6th Amendment of the United States Constitution

6th Amendment of the United States
Constitution Day Is September 17
Constitution Day reminds us of our
important protections and rights
In Colonial America,
citizens believed their
rights were violated
under English Rule.
The Constitution was
drafted in 1787 after
the Revolutionary War.
American citizens
wanted protections for
individual rights
included in the
The founders based the U.S. Constitution
on long-standing principles and traditions
that can be traced back to the Roman
Twelve Amendments to
the Constitution were
proposed stating
individual rights of
ordinary American
citizens that could not be
taken away by the
government. Only 10 of
the proposed
Amendments were
approved by all of the
States. Those 10
Amendments are known
as the Bill of Rights.
The Sixth
to the
the right to a
fair trial.
The Sixth Amendment States:
“In all criminal prosecutions, the accused
person shall have the right to a speedy and
public trial, by an impartial jury of the state
where the crime has been committed, the
right to know the crime he or she is accused
of, the right to confront witnesses against
him or her, the right to compel witnesses in
his or her favor, and the right to assistance
of defense counsel.”
In the United States Today….
Any citizen can accuse
another person of a crime
and ask to have the crime
investigated and
prosecuted by the State. If
the State determines that a
crime has been committed,
the State on behalf of the
people represents the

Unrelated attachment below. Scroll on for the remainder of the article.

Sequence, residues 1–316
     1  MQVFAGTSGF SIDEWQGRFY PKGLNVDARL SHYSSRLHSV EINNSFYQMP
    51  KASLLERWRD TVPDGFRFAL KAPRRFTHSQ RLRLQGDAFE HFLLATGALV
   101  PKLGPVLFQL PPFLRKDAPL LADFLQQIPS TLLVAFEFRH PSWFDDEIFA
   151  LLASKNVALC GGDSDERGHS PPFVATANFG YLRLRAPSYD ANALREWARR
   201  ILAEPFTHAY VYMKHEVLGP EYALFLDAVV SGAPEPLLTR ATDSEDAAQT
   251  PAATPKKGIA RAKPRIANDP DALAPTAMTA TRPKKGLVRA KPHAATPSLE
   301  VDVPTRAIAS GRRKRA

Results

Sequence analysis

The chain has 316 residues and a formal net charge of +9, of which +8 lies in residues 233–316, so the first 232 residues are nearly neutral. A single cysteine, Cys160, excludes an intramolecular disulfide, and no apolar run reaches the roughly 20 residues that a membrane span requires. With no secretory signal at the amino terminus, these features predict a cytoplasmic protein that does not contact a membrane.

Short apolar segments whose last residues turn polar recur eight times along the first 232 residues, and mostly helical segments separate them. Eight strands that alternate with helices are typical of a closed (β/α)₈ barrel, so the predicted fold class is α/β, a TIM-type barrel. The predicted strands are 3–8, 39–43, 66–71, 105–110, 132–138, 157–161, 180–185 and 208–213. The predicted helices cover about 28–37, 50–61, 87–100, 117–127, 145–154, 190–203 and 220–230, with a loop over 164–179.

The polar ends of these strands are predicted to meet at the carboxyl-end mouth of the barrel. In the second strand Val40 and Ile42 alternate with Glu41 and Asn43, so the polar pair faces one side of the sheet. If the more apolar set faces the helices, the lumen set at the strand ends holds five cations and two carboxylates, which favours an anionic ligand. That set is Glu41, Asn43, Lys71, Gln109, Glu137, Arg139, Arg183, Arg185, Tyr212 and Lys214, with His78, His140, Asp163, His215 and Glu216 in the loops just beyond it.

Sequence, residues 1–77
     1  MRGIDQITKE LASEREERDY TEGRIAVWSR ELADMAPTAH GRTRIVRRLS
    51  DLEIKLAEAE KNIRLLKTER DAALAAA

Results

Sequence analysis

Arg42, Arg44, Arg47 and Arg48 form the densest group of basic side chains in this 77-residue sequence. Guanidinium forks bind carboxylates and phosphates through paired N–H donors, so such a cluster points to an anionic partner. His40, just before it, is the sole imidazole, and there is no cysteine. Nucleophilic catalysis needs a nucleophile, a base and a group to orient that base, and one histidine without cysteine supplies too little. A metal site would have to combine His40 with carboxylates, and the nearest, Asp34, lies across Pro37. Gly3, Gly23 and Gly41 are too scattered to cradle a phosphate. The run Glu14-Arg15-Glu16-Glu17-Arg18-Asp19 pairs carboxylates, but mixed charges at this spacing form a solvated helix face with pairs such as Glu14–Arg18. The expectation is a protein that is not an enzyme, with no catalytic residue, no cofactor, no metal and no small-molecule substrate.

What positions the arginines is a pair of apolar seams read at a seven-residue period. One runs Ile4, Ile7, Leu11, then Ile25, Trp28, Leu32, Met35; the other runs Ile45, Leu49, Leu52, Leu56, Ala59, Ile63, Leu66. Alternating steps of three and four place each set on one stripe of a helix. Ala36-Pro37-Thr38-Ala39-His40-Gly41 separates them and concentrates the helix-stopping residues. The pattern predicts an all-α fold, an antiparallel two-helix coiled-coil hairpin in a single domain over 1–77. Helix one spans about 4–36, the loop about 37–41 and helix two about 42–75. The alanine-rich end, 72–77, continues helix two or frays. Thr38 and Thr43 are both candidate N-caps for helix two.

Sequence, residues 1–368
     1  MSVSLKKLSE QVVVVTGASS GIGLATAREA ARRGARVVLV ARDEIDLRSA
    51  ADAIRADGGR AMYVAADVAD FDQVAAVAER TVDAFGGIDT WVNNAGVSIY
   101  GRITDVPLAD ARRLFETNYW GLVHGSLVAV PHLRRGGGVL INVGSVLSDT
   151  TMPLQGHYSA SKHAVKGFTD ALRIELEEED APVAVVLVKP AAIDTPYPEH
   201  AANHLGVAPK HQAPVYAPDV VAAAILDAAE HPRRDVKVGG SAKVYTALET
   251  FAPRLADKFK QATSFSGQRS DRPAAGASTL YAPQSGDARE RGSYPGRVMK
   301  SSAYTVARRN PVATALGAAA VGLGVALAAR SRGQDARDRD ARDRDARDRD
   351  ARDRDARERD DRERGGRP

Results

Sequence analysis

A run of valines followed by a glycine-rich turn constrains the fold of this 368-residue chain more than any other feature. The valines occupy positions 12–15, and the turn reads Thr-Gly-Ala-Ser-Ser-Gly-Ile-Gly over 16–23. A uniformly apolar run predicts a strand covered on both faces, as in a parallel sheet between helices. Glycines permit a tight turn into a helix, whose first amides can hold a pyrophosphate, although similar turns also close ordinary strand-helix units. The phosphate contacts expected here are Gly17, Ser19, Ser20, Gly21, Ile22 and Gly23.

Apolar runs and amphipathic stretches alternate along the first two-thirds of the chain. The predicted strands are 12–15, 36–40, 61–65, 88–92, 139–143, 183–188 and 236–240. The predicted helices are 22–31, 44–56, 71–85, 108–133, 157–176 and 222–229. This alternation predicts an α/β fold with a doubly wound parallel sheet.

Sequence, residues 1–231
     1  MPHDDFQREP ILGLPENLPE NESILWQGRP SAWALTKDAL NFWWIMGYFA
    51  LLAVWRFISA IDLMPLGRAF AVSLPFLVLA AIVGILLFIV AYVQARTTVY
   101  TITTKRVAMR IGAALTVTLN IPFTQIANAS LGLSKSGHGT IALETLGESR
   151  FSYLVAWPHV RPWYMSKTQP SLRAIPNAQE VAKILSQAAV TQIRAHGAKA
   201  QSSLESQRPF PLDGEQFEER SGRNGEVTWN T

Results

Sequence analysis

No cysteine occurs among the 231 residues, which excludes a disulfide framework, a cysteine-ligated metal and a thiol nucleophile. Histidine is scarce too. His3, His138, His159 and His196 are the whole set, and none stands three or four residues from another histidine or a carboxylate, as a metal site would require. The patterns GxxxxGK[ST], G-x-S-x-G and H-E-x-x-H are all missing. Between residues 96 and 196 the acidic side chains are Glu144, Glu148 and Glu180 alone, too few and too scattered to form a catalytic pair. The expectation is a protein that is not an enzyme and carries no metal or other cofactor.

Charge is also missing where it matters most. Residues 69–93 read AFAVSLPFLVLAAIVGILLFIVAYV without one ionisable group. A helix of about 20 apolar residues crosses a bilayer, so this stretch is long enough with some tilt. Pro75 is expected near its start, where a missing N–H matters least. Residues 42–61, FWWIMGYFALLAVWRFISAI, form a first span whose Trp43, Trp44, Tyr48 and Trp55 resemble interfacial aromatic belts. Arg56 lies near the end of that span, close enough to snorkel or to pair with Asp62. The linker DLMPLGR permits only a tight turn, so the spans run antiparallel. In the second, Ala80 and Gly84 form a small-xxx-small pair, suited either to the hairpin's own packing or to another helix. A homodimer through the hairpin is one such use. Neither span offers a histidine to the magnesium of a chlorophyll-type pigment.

Criminal defendants are
guaranteed the right to an
attorney, and, in some
cases, an attorney may be
appointed by the court to
represent a criminal
In the United States Today….
Men and women serve
as jurors and must:
1. Be American citizens
2. Speak English
3. Live in the county
where the trial is held
4. Be 18 or older
5. Have no prior felony
In the United States Today….
Jury service is a two step process.
Jurors are selected randomly to
form a jury pool.
•Each member is called individually
for questioning to determine if he or
she is biased for or against the
•This process is called voire dire (to
speak the truth).
•Both sides of a case can remove a
juror for no reason until both sides
have agreed upon twelve jurors for
a criminal trial.
•The intent of voire dire is to select
an unbiased and impartial jury.
In the United States Today….
Trials include opening
statements, examination and
cross examination of
witnesses, other evidence
such as documents, and
closing arguments.
The jury of 12 hears the
testimony and considers the
evidence presented in the
trial case. The judge gives the
jury instructions about what
each side must prove to the
jury, and then the jury
considers the evidence in
private to reach a verdict.
All members of the jury must agree on
guilt or innocence or the defendant
goes free.
Jury verdicts can be appealed.
In Roman Times….
In 450 BC, ordinary citizens of
the Roman Republic claimed
their liberties were not
protected by the government
because unwritten laws were
applied to them by judges who
were members of the upper
classes of society.
To answer the complaints, the
government sorted existing